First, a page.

“It will also serve as an instrument to deliver greater capital inflows to countries that have been so far unable to attract large quantities of FDI.”
So how can Bitcoin serve as an instrument to level the capitalist playing field, given that it will be exchanged for interest based currencies? Bitcoin users will be able to circumvent countless barriers to entry into various markets, including credit markets. There are currently millions of people in the so called ‘Global South’ who do not have access to banking services, yet are full of interesting ideas and have a vibrant entrepreneurial spirit. If Bitcoin serves to fund and encourage their entrepreneurial endeavors, the cryptocurrency revolution will serve as an instrument to develop the economies in these places. It will also serve as an instrument to deliver greater capital inflows to countries that have been so far unable to attract large quantities of FDI. This capital flow correction – even if it is a trickle on a global scale – can only take place by encouraging the owners of ‘cryptocapital’ to profit from the value that they will generate by undertaking these risks.
The idea is not radically new. In fact there are already some platforms like btcjam that offer Bitcoin credit services on a peer to peer platform, and claim to use the same loan qualification standards as traditional commercial banks do. To be able to finance our global neighbors or get loans from them, bypassing the current international banking system, the Bitcoin community must resist any attempts to de-couple the currency entirely from international asset markets. In fact, the Bitcoin community needs to extend its coverage and make sure brick and mortar exchanges are available for those getting the loans in the ‘Global South’. Maybe the Winklevoss twins will be the pioneers and Gemini will be able to be the first mover. If not, the playing field is wide open for every Bitcoin enthusiast with enough entrepreneurial spirit and a belief in true inclusivism.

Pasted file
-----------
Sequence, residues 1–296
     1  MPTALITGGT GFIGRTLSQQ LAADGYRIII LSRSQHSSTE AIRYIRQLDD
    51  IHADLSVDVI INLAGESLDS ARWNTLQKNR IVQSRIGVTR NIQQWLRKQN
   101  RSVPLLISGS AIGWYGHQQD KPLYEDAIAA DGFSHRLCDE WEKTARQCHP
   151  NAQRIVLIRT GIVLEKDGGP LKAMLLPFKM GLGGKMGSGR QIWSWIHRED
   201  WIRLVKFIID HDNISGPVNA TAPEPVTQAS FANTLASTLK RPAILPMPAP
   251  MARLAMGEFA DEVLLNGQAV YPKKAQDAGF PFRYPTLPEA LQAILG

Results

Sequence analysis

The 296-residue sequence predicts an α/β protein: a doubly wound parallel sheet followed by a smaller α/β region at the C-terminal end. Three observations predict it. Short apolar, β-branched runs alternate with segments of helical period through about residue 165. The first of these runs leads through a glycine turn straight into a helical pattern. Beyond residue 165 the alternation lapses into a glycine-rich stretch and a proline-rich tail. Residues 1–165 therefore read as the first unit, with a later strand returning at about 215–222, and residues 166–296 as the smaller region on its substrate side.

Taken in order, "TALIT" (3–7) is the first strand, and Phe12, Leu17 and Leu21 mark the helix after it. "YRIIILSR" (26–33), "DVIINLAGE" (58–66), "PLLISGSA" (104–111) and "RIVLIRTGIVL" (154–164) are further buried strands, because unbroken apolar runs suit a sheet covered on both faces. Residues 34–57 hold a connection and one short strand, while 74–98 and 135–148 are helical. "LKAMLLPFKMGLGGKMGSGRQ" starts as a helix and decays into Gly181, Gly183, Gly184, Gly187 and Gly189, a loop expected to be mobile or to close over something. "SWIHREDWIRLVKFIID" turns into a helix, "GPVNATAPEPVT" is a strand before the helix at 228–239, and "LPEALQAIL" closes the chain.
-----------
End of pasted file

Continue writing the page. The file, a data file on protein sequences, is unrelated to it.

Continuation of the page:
“Bitcoin will help the world move away from the unfair model that has dominated our economy.”
For interest Bitcoin loans will encourage economic development in areas deprived of banking services and fair access to financial services; bitcoin exchange for interest based currency will guarantee a continuous flow of funding for these areas’ borrowers. This will serve to strengthen the Bitcoin community and solidify the relevance of the currency. Moreover it will allow more people to capture an increasing share of the world’s financial profits, contributing to a more even distribution of global wealth. It will also weaken the ability of big players in the world economy to keep a stranglehold on the markets. Bitcoin will help the world move away from the unfair model that has dominated our economy, and the endless currency wars that seek to create artificial competitive advantages for developed nation exports. The Bitcoin community will replace the ‘too big to fail’ model, with a ‘small and solid enough to fund’ model.